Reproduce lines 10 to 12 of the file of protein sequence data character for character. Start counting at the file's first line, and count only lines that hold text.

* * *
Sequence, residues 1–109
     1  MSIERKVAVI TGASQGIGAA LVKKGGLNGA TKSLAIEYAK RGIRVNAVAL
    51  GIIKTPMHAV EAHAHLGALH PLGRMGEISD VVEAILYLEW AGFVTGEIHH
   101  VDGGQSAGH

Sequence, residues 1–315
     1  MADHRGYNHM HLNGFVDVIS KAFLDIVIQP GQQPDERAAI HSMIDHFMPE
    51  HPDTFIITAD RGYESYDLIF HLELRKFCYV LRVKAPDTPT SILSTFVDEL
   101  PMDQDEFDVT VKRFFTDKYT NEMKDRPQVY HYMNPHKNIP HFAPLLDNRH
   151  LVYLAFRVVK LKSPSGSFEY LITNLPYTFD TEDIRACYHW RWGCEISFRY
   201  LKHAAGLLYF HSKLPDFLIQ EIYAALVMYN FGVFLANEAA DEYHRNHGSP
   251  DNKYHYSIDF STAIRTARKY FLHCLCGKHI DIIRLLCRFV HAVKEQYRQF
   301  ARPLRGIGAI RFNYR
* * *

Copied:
   201  LKHAAGLLYF HSKLPDFLIQ EIYAALVMYN FGVFLANEAA DEYHRNHGSP
   251  DNKYHYSIDF STAIRTARKY FLHCLCGKHI DIIRLLCRFV HAVKEQYRQF
   301  ARPLRGIGAI RFNYR